Workplace whistleblowing is an act of good citizenship and the law frowns deeply on employers who fail to respond appropriately. An Employment Tribunal (ET) made that point in awarding substantial compensation to an NHS nurse who complained of racism and bullying on the ward where she worked.
The nurse complained to her manager that junior colleagues were being bullied and that staff on the ward had formed into cliques, divided by race. She also asserted that racial factors were affecting the allocation of work. She identified as white and did not raise those concerns in her private interest. She acted as a good citizen due to her fervent belief that race discrimination is wrong and that the hospital had a public equality duty to uphold.
Given the seriousness and sensitivity of the allegations, she was told not to discuss them on the open ward. After emotions ran high amongst staff, she was accused of disobeying that instruction and was restricted from working on the ward. As she was only qualified to practise on that ward, she was effectively restricted from working at the hospital altogether.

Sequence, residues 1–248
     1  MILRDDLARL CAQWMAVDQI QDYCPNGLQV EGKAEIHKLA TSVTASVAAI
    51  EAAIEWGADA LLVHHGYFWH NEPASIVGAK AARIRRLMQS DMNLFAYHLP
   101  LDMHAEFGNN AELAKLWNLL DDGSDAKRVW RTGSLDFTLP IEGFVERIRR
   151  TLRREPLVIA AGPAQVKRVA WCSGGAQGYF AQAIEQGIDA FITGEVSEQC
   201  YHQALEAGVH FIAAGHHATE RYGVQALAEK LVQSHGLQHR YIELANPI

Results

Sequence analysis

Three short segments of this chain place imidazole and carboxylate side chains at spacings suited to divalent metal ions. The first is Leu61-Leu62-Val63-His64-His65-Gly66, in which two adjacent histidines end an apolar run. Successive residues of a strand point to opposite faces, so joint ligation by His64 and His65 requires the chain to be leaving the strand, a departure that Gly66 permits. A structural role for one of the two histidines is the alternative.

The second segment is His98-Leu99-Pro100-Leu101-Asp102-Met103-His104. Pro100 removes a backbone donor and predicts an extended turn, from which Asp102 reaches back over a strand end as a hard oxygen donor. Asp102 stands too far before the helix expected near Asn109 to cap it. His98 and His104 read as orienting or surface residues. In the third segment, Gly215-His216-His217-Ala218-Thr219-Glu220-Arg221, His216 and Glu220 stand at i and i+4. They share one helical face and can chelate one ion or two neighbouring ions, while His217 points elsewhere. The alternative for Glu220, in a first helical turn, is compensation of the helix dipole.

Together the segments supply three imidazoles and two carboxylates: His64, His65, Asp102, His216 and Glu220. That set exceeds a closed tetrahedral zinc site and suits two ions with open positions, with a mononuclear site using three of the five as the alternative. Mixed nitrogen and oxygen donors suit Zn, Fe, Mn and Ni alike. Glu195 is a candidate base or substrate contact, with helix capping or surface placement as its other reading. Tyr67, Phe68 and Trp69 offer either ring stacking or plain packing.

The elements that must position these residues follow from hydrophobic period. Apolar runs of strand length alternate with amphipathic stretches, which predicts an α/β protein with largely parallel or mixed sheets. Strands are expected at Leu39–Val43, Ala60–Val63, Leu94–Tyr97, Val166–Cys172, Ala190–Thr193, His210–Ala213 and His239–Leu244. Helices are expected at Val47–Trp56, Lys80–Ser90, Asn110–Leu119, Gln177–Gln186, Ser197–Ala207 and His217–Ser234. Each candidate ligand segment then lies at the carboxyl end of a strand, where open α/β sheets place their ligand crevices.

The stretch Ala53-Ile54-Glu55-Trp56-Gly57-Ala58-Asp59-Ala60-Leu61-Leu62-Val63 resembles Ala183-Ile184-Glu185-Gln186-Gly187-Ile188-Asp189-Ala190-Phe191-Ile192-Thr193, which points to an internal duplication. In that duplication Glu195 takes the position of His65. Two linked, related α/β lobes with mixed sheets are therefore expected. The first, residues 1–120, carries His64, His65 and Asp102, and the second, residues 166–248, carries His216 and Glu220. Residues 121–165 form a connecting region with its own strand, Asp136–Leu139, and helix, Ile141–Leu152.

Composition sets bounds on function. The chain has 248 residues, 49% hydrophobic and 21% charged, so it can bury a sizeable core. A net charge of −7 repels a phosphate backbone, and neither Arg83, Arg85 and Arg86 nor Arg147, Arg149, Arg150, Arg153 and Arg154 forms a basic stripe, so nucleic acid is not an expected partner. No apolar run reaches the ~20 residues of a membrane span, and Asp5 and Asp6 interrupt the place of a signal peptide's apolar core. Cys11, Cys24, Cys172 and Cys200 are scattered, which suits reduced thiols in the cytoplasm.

After she took action against the NHS trust that ran the hospital, the ET found that she had suffered victimisation and had been subjected to detrimental treatment for whistleblowing. Contrary to the aims of the trust’s own whistleblowing policy, it was a classic case of an employer treating a person who had raised allegations far too severely because they had done so.
There was no adequate evidence that she had disobeyed the instruction not to talk about her concerns on the ward. Following an incident in the hospital’s car park, in which a colleague blocked her path in a hostile manner, the trust failed to investigate the matter. Allegations that turmoil and disruption amongst staff had justified her restriction from the ward were exaggerated. There was also an inexcusable delay in informing her of the outcome of an internal investigation into her conduct.
The nurse was awarded £26,083 in compensation, including £15,000 for injury to her feelings. The ET also recommended that, within four weeks of its decision being circulated, the restriction on her working on the ward should be lifted.